We tried keto-friendly cereal Magic Spoon, and here's what we think

Tanya Edwards, CNN Underscored
Updated Tue May 12, 2020
The Froot Loop look of the cereal, which comes in flavors like fruity, frosted, cocoa, blueberry and birthday cake, is only half the story.

Magic Spoon: The keto-friendly cereal disguised as a kids' cereal, use code CEREALREAL ($34, originally $39; magicspoon.com)

Magic Spoon cereal, a sweet treat with bright childlike colors and branding, seems laboratory-designed to delight nostalgic cereal lovers — like me.

But the Froot Loop look of the cereal, which comes in flavors like fruity, frosted, cocoa, blueberry and birthday cake, is only half the story. While the nostalgia factor is high, these bowls of childhood sweetness are high in protein, have a low carb count, and contain zero sugar. The cereal is gluten- and grain-free and ketogenic-diet-friendly.

The keto diet seems to be a common theme among the cereal's 144K+ followers on Instagram, who leave rave reviews on virtually every post. In just 12 months, the brand has launched a popular product that taps into the zeitgeist of the keto diet — and is growing its business through an online delivery-only system that offers a subscription model, of course.

For the uninitiated: The keto diet is a high-fat, moderate-protein and very-low-carbohydrate diet, and many might find it isn't easy to adhere to. "If it works for you, that's great. But I know that a lot of people have trouble with it and end up doing a little bit more harm than good when they try to attempt it," says nutritionist Kristen Ciccolini.

The ingredient list shows it's sweetened with stevia, monk fruit extract and allulose — a new-to-the-market sweetener.

Back to Magic Spoon: "It tastes like Froot Loops. Not quite as sweet, but it definitely has that Froot Loop flavor," one YouTube reviewer said, looking super surprised. Intrigued yet? I certainly was.

So if it's sugar-free but supposed to taste like our childhood favorites, I wanted to know what exactly is in it. The ingredient list shows it's sweetened with stevia, monk fruit extract and allulose, a new-to-the-market sweetener. Although allulose is fairly new and there isn't much in-depth information on the sweetener, one study investigated its gastrointestinal tolerance and found that a 132-pound person could consume up to 54 grams (about 2 ounces) per day without any ill effects.

"They call it the 'natural sweetener blend,'" says Ciccolini. "[The components are] all very highly concentrated sweeteners, so you really don't need much of them to get the sweetness out of it."

"They're all low glycemic, and have no calories or impact on blood sugar levels," she explains. "Monk fruit has a little bit of vitamin C. Stevia doesn't affect your blood sugar levels, as well. And allulose — this is quite a newer one, so I don't know of it too much. I know it's starting to make its way into some foods. But they're all natural, they're all very concentrated."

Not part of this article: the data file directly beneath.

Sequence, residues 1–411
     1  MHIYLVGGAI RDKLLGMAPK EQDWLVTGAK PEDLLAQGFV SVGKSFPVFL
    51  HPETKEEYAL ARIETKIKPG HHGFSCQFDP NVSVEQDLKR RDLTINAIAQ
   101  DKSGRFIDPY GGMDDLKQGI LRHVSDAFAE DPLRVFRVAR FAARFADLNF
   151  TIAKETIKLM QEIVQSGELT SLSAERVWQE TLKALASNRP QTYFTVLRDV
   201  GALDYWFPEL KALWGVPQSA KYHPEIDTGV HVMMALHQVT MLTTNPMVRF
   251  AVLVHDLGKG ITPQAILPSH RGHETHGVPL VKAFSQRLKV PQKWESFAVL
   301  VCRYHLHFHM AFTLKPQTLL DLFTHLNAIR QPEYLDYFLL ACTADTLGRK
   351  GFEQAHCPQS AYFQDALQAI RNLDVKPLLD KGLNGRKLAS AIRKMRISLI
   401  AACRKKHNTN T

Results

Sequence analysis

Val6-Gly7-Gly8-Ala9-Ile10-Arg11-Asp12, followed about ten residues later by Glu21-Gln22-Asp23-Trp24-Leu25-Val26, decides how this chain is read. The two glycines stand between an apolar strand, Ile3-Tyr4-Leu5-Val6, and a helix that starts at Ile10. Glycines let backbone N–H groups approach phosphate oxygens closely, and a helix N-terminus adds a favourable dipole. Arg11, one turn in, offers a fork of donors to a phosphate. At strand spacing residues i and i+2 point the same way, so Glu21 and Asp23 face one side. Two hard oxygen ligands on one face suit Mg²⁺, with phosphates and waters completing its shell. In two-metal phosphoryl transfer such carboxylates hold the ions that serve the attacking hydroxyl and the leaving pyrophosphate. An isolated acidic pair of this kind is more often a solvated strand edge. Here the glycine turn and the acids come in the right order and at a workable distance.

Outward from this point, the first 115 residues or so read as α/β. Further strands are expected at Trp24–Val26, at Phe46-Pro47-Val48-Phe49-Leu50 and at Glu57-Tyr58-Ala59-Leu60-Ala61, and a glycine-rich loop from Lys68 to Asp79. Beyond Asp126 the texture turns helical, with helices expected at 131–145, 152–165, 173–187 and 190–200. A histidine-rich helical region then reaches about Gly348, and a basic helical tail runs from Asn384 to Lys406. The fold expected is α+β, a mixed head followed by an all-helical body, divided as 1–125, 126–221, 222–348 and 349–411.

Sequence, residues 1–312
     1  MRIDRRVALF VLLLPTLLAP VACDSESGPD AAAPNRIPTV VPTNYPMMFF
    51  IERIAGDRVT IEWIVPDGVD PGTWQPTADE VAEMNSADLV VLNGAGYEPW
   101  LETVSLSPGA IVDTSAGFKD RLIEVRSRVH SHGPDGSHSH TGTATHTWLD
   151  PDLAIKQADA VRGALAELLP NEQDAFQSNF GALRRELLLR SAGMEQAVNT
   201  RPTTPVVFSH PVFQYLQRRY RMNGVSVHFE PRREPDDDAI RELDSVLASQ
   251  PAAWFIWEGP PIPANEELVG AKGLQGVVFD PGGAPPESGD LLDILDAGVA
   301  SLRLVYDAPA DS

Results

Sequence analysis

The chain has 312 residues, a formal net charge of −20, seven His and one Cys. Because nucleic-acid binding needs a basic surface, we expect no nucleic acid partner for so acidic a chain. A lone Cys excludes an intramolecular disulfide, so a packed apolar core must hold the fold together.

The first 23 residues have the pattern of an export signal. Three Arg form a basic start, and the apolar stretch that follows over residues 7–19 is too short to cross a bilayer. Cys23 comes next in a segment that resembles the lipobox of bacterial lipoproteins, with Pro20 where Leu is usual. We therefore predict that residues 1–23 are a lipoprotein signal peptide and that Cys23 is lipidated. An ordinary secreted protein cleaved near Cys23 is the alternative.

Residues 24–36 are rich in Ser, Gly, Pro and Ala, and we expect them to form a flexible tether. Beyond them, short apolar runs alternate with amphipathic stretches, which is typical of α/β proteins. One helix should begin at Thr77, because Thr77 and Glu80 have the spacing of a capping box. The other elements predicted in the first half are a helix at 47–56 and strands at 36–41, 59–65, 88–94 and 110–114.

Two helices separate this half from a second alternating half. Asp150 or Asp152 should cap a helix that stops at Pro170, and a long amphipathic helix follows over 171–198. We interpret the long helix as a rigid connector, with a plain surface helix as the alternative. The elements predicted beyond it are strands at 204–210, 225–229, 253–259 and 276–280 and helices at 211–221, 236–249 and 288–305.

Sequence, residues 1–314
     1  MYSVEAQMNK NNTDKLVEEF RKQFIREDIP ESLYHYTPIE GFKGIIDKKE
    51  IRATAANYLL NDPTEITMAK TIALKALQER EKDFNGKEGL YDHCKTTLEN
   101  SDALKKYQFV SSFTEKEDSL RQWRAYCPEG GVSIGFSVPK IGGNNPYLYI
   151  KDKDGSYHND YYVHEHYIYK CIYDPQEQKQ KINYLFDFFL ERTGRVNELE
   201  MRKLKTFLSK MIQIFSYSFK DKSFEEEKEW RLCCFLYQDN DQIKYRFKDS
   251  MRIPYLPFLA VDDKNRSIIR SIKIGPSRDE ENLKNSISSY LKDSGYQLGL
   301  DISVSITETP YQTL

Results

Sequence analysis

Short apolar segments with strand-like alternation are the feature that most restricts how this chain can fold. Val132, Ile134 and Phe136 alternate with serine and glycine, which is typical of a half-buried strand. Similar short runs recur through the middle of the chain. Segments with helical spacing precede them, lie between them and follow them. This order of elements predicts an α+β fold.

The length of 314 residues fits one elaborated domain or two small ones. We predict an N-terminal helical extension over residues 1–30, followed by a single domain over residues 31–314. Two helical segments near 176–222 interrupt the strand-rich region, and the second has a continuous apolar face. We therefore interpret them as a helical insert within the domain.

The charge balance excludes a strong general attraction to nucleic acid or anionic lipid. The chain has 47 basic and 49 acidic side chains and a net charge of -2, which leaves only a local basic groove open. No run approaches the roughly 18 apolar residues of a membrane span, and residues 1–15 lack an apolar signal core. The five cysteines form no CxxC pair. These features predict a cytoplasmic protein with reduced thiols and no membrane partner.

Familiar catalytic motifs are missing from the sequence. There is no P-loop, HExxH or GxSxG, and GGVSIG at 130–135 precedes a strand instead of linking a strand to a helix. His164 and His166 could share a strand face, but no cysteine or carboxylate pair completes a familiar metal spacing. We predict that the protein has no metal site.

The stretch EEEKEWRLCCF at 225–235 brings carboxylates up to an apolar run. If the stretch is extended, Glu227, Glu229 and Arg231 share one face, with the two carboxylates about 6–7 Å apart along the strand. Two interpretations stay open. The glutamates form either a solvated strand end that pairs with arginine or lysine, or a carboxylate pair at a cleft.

You're given the option of a monthly subscription for $35.10 or a one-off case of four 7-ounce boxes for $39.

Also known as D-psicose, allulose is technically a simple sugar and is made up of a single sugar molecule, just like better-known glucose and fructose (which are found in honey, fruit, etc.). But unlike those regular sugars, allulose has 90% fewer calories — it has just 0.4 calories per gram, compared with sugar's 4 calories per gram, according to the FDA, which allows the sweetener to be excluded from total and added sugar counts on ingredient lists, in part because "it produces negligible effects on blood glucose and insulin."

In the name of science — and tasty cereal — I clicked over to the Magic Spoon website and placed my order. You're given the option of a monthly subscription for $35.10 or a one-off case of four 7-ounce boxes for $39. (For comparison, the average grocery store cereal box is around 14 to 20 ounces.) I went with the one-off, and five days later my cereal showed up. The packaging gives major Lisa Frank vibes, and I popped open the cocoa flavor right away to take a look. The cereal is ring-shaped, and the brown color looked a little sprayed on. Not super appetizing. The fruity and frosty flavors looked a bit tastier, the fruity variant colored with those bright neons I remember from childhood (and college, let's be real).

Satiety is not something I expect from a sweet-tasting cereal, and I was pleasantly surprised to not think about food until lunch.

The next morning I had my first bowl and chose the fruity and cocoa to start my experiment. One serving of the cereal clocks in at a little over 100 calories, but one serving is three-quarters of a cup, so I poured myself two servings — one of each flavor — and dug in. The flavors are very similar to what you'd expect in a sweet kiddie cereal, but the texture was slightly sandy — it reminded me of Dippin' Dots. As it soaked in the whole milk, the texture improved.

Here's what I liked the most about Magic Spoon: I stayed full. Satiety is not something I expect from a sweet-tasting cereal, and I was pleasantly surprised to not think about food until lunch. I felt like I'd had a couple of eggs with some cheese, and the cereal fueled my 4-mile morning walk.

The next night, I was hungry before bed, and I poured myself a cup of the frosty flavor for a little snack. I still don't love the texture, but for a sweet treat that's low in both calories and carbs, Magic Spoon works well, probably due to the whey and milk proteins that make up the cereal's base.

If you're looking for an alternative breakfast or sweet snack, and have no intention of consuming carbs or sugar any time soon, Magic Spoon could be just what you need. I'll be reaching for it whenever I don't have time to cook turkey bacon and eggs and need to keep moving until lunch. Of course, I haven't tried Cereal School yet, so...

Note: The prices above reflect the retailers' listed prices at the time of publication.